Birds

Philadelphia, Fort Worth, is establishing Lights Out programs

Two other American cities – Philadelphia and Fort Worth – have pledged to turn off lights to help migratory birds.

A mass collision event in October 2020 that killed hundreds of birds in Philadelphia sparked nonprofits and the city government to form Bird Safe Philly, a coalition of nonprofits, to resolve the issue.

The voluntary program, announced last week, involves turning off or blocking as many external and internal building lights as possible at night during migration season, when millions of birds roam the city.

The first season of Lights Out Philly kicks off on April 1 at the start of Spring Migration and lasts through May 31, when most of the winged migrants have crossed the city. In the fall, Lights Out Philly and Peak Migration will take place between August 15 and November 15, when birds travel south.

Lights Out Philly is the result of a collaboration led by the Drexel University Academy of Sciences, the Delaware Valley Ornithological Club, Audubon Mid-Atlantic, and two local chapters of the Audubon Society – Valley Forge and Wyncote. In addition to the Office for Sustainability of the City of Philadelphia, the Bird Safe Philly initiative is supported by the BOMA (Building Owners and Managers Association) in Philadelphia and the Building Industry Association in Philadelphia.

Comcast, which owns the city’s two tallest buildings, and Brandywine Realty Trust, the city’s largest landlord, as well as a dozen other building operators / owners have also pledged their support.

“We are encouraged with all efforts in our community to join this critical initiative to save so many birds from unnecessary harm and even death,” said Scott Cooper, President and CEO of the Academy of Sciences. “A simple thing like turning off lights can help thousands of birds safely navigate our challenging urban environment.”

“Nobody wants to kill migratory birds”

In Fort Worth, environmental politicians, with the help of former first lady Laura Bush, convinced city officials to turn off the city lights. The Fort Worth Star Telegram reports:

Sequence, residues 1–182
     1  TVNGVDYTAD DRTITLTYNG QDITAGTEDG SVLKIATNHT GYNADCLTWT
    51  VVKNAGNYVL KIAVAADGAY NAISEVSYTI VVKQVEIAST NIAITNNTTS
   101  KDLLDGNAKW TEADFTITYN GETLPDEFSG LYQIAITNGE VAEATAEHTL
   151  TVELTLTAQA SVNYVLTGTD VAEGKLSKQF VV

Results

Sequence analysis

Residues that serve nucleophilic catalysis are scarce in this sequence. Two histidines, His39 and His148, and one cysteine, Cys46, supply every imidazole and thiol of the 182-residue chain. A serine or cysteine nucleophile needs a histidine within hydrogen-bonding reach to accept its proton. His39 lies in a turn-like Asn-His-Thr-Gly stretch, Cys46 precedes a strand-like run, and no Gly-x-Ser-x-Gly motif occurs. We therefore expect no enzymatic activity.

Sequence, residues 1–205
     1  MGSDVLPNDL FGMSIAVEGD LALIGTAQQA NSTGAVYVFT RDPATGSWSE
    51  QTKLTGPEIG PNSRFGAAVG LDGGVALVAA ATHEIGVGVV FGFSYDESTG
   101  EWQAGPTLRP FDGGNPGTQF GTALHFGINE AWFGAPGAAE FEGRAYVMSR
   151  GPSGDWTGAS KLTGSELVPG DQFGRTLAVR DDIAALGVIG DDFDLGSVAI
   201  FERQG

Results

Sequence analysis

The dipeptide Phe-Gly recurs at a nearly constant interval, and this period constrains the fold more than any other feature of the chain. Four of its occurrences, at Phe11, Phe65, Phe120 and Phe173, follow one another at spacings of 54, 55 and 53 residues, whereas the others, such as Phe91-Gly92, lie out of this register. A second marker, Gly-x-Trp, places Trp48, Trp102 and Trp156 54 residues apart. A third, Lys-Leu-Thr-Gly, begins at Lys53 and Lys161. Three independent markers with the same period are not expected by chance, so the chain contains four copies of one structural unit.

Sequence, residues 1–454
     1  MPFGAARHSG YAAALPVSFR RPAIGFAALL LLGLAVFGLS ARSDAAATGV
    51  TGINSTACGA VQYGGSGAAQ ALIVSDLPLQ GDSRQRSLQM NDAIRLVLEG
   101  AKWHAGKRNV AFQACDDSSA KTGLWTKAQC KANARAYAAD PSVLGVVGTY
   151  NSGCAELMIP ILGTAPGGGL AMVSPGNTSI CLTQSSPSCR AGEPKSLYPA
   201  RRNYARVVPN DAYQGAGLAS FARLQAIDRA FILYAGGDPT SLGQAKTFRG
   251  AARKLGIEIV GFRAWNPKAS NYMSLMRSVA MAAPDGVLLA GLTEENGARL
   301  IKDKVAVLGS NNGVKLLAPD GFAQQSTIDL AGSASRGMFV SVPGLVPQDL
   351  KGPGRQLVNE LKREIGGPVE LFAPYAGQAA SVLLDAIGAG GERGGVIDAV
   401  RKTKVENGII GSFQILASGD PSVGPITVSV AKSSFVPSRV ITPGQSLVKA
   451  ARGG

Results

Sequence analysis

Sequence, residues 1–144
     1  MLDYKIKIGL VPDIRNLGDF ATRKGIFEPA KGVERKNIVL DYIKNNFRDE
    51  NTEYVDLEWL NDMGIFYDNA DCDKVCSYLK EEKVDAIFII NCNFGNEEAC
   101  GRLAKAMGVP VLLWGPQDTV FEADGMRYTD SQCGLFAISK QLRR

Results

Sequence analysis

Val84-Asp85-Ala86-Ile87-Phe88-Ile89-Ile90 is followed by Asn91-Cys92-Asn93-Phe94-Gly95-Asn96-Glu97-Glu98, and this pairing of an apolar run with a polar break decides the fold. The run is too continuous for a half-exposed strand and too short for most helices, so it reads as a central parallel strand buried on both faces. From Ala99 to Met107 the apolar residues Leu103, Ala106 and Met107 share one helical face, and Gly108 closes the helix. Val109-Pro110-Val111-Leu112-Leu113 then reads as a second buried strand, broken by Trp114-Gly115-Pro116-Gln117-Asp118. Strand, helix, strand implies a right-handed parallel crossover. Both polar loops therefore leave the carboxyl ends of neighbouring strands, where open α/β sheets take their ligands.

“During the migration periods in spring and autumn, the city skyline will darken between midnight and 6 a.m. This makes Fort Worth the first major city in Texas to sign up for the Lights Out campaign for the entire season, ”said Julia Wang, project manager at Cornell Laboratory. Eleven buildings including the Bank of America Tower, Pier 1 building and Trinity Terrace were shut down on March 8th and will last until May 31st. The fall migration period lasts between August 15 and November 30, when more than 1 billion birds travel south through Texas on a freeway. “

“All the pieces of the puzzle came together for Fort Worth to participate,” said Andy Taft, president of Downtown Fort Worth Inc., who worked with city officials on Lights Out. “Nobody wants to kill migratory birds, and if science suggests that we can do something about it and it’s that simple, why not try? Why not be a part of it? “

More than 30 other cities have Lights Out programs, including New York, Boston, Chicago, Atlanta, Baltimore, and Washington, DC. The National Audubon Society and partners launched the first Lights Out program in Chicago in 1999.

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